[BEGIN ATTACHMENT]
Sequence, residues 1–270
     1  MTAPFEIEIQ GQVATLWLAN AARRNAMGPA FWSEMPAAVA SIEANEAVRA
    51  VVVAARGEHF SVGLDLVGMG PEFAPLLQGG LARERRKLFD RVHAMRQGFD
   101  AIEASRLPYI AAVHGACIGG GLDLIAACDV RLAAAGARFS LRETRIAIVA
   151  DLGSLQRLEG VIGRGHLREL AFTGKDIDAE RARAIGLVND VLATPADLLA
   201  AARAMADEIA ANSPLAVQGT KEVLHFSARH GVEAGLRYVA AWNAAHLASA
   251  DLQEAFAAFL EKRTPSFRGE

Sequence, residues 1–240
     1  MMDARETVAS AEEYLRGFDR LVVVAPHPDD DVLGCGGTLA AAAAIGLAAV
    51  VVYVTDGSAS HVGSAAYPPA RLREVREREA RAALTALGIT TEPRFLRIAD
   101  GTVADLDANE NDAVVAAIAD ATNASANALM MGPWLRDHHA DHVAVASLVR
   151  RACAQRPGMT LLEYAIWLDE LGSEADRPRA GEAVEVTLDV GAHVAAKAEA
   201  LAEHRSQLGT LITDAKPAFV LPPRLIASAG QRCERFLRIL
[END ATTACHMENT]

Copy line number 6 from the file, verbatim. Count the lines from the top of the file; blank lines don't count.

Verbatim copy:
   201  AARAMADEIA ANSPLAVQGT KEVLHFSARH GVEAGLRYVA AWNAAHLASA